Sierra Leone


of people do not have access to latrines


was the drop in GDP in 2015 following the Ebola epidemic


of people work in the agricultural sector


of people are without access to clean drinking water

About Sierra Leone

The Ebola epidemic ravaged Sierra Leone between 2014 and 2015. It caused the deaths of over 11,300 people and infected over 28,600 more. Ebola also contributed to a plummet in GDP – this in a nation ranked as the eighth poorest in the world by the UN. Since the epidemic officially ended, the economy has begun a slow upturn. The hope is that this desperately-needed recovery will continue.

Since 2002, Sierra Leone has remained peaceful. However, this is a fragile peace. Youth unemployment, widening political and ethnic divisions, and the little benefit much of the population has seen from the recovery, all threaten stability.

Mortality rates for both children and mothers are among the world’s highest. This is due to a number of factors including basic poverty, a lack of safe drinking water and sanitation, poor nutrition, limited access to quality healthcare, and the prevalence of female genital cutting (FGMC).

On 14 August, 2017, Freetown (the capital) was struck by a major flood and mudslide disaster that killed over 500 people and left thousands of homes buried. This highlighted Sierra Leone’s vulnerability, and it is now rated by the UN as among the highest at-risk countries for natural disasters in the world.

How we do it

Church & Community Transformation

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Sexual and Gender-Based Violence

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Emergency Response

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Our Work in Sierra Leone

Tearfund recently completed a two-year emergency response across Sierra Leone and Liberia following the Ebola epidemic – working with our in-country partner organisations BCSL and NEHADO.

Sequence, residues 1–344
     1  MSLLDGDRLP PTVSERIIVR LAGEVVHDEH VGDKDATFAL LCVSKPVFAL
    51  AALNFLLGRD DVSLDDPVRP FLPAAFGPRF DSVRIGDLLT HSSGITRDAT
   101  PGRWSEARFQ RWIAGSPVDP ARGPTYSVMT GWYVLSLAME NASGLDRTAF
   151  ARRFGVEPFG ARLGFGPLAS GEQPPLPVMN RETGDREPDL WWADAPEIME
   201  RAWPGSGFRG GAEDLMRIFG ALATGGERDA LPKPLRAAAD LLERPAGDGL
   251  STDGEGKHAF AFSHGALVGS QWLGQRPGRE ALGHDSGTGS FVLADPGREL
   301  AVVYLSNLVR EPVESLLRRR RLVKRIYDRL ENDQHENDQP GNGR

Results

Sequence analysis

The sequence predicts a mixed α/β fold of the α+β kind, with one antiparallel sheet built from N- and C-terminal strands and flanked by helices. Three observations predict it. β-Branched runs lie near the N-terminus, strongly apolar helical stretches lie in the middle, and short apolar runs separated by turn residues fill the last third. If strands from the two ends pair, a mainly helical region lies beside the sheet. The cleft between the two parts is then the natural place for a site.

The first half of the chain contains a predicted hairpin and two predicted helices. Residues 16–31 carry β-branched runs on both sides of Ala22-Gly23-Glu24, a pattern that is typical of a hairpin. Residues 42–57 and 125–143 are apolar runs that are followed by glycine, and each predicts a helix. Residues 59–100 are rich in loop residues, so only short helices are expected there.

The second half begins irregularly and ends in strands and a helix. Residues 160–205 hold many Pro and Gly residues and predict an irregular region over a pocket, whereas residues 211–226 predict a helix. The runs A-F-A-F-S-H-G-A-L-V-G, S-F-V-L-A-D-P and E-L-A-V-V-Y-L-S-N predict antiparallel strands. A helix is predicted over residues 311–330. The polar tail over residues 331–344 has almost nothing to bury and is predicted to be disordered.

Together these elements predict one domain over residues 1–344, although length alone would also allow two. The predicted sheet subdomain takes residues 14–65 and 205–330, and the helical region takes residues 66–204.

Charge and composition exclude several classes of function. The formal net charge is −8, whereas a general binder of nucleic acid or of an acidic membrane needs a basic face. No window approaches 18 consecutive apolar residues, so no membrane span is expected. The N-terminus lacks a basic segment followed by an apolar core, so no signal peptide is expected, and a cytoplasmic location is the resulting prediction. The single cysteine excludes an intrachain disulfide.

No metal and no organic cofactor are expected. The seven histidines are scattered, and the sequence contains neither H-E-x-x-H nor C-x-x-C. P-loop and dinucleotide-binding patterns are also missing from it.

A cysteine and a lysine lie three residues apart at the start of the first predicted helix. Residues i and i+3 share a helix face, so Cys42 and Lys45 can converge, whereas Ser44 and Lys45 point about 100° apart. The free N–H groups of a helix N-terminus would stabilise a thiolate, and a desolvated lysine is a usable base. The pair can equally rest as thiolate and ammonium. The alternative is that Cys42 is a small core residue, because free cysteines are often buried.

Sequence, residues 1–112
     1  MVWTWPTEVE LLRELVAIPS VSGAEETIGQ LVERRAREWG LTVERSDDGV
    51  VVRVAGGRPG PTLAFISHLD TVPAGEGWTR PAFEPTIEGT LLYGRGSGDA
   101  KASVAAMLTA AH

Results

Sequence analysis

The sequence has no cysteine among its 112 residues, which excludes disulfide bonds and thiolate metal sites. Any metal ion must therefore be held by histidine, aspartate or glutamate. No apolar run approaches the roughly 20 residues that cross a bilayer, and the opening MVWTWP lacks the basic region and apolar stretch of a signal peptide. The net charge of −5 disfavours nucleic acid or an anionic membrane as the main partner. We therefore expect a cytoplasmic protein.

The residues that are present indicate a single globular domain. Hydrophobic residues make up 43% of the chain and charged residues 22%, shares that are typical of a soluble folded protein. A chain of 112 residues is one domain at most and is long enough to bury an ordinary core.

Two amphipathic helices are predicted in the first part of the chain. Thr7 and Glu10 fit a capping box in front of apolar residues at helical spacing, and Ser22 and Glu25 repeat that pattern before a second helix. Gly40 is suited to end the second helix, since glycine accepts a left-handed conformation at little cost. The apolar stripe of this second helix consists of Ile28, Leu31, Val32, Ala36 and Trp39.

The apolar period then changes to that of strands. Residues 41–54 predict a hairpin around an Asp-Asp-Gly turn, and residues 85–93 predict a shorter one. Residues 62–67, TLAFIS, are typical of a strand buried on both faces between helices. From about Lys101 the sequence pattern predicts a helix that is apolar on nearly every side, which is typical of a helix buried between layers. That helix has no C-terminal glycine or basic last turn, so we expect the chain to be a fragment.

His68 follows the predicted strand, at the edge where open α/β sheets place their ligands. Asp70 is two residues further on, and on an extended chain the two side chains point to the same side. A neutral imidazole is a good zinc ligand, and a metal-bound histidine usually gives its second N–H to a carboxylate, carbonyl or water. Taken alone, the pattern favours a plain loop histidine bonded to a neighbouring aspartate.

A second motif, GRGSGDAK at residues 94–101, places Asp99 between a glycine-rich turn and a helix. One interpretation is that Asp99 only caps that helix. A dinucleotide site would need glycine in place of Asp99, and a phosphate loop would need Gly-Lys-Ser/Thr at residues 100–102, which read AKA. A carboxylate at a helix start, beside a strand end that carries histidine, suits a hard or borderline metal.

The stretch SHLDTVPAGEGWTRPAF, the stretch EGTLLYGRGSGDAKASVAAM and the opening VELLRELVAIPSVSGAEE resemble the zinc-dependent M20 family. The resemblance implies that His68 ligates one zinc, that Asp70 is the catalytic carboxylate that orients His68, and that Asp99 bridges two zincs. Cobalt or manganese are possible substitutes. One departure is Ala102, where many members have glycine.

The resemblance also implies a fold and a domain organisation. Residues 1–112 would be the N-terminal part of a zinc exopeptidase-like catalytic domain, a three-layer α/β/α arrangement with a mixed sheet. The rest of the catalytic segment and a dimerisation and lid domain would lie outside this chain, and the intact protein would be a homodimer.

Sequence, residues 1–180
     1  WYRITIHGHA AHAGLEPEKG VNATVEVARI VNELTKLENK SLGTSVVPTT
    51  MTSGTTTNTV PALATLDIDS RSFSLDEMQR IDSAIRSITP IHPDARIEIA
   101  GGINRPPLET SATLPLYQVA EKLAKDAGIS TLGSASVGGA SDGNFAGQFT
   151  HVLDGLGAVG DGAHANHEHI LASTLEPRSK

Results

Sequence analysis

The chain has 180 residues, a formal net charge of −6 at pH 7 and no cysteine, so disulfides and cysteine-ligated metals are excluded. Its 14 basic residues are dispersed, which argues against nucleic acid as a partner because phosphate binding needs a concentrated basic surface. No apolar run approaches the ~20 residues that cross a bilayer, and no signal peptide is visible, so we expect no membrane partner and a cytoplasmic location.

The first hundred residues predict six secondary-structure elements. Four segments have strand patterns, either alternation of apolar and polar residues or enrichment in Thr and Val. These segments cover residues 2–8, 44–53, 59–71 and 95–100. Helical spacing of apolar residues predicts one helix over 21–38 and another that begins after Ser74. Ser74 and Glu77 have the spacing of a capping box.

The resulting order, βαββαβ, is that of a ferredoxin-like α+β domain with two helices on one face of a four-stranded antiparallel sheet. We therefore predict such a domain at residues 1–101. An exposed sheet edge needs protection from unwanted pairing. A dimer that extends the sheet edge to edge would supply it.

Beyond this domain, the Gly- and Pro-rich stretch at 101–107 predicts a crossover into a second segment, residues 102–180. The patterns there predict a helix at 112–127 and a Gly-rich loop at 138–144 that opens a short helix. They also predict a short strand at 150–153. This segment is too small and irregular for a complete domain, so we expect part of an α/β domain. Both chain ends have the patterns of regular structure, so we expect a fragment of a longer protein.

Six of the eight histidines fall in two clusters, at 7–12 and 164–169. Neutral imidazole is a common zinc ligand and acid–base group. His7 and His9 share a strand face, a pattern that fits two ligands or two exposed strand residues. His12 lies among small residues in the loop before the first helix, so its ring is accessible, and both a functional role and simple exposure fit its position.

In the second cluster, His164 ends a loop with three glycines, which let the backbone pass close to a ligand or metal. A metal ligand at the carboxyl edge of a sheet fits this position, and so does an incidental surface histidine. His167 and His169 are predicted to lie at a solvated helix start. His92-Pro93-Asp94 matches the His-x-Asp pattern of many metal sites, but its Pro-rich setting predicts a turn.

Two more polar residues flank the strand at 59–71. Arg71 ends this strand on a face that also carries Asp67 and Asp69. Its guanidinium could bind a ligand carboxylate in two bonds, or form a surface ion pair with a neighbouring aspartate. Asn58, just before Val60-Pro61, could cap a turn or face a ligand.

We also responded to the flood and mudslide disaster through our partners EFSL and BCSL.

Together we made a huge impact by:

  • Providing hygiene kits and fresh water
  • Building boreholes
  • Broadcasting life-saving Ebola prevention messages over the radio
  • Training community and faith leaders in Ebola prevention methods
  • Offering psychosocial support
  • Providing cash grants to over 400 households for immediate food needs and for rebuilding livelihoods
  • Providing training in sustainable farming methods
  • Providing cash to affected households

Over one million people were reached through this response. The influence that faith leaders had in encouraging their communities to change social habits also had a significant impact on curbing the spread of the disease.

In addition to the above, we conducted many interviews in the community so we could learn from the flood and mudslide disaster, and increase preparedness and resilience for the future.

Tearfund is also building its church and community transformation work throughout Sierra Leone, through partners BCSL and NEHADO. Our long-term aim across Sierra Leone and Liberia is to see half a million people transformed physically, socially and spiritually, and thriving in an environment of love, peace, justice and dignity. We aim to do this through the work of our partner organisations in the countries, and 1,200 local churches.




people have been reached through the Ebola emergency response in Sierra Leone and Liberia.


people are being trained in the church and community transformation process.


people received food and nutritional help during the Ebola response.


faith leaders and volunteers have been trained to carry out psychosocial support.

Pray for our work

  • Thank God for our partners in the country and all that they do.
  • Ask that more funding may be found for the work in Liberia.
  • Pray for all those affected by the Ebola epidemic as they work to rebuild their livelihoods.

Where we're working